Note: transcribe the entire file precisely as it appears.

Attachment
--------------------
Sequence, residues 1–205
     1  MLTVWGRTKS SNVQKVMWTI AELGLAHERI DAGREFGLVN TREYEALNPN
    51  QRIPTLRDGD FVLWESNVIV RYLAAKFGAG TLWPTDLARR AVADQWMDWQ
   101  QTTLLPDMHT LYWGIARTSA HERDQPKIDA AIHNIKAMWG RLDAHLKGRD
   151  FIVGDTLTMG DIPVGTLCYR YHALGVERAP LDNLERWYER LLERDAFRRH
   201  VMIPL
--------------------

Sequence, residues 1–205
     1  MLTVWGRTKS SNVQKVMWTI AELGLAHERI DAGREFGLVN TREYEALNPN
    51  QRIPTLRDGD FVLWESNVIV RYLAAKFGAG TLWPTDLARR AVADQWMDWQ
   101  QTTLLPDMHT LYWGIARTSA HERDQPKIDA AIHNIKAMWG RLDAHLKGRD
   151  FIVGDTLTMG DIPVGTLCYR YHALGVERAP LDNLERWYER LLERDAFRRH
   201  VMIPL